Platinum nanoparticles

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Platinum nanoparticles are usually in the form of a suspension or colloid[1] of nanoparticles of platinum in a fluid, usually water. A colloid is technically defined as a stable dispersion of particles in a fluid medium (liquid or gas).

Spherical platinum nanoparticles can be made with sizes between about 2 and 100 nanometres (nm), depending on reaction conditions.[2][3] Platinum nanoparticles are suspended in the colloidal solution of brownish-red or black color. Nanoparticles come in wide variety of shapes including spheres, rods, cubes,[4] and tetrahedra.[5]

Platinum nanoparticles are the subject of substantial research,[6][7][8] with potential applications in a wide variety of areas. These include catalysis,[8] medicine,[6] and the synthesis of novel materials with unique properties.[3][7][8]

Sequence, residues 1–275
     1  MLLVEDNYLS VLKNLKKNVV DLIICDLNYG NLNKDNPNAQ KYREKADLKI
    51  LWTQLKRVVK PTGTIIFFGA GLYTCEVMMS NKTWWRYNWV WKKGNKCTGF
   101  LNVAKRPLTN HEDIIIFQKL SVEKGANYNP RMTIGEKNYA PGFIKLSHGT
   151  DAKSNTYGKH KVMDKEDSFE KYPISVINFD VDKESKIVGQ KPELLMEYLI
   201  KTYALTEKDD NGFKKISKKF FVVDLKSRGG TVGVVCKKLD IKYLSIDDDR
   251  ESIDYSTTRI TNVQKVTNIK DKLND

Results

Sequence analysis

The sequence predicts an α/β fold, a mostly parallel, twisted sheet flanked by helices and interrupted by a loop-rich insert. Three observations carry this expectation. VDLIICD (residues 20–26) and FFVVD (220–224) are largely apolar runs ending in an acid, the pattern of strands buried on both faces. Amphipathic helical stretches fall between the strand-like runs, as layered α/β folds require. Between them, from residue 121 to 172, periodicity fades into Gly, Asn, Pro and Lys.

Platinum nanoparticles are typically synthesized either by the reduction of platinum ion precursors in solution with a stabilizing or capping agent to form colloidal nanoparticles,[2][3][9] or by the impregnation and reduction of platinum ion precursors in a micro-porous support such as alumina.[10]

Some common examples of platinum precursors include potassium hexachloroplatinate (K2PtCl6) or platinous chloride (PtCl2)[2][9] Different combinations of precursors, such as ruthenium chloride (RuCl3) and chloroplatinic acid (H2PtCl6), have been used to synthesize mixed-metal nanoparticles[10] Some common examples of reducing agents include hydrogen gas (H2), sodium borohydride (NaBH4) and ethylene glycol (C2H6O2), although other alcohols and plant-derived compounds have also been used.[2][3][5][9][10][11][12][13]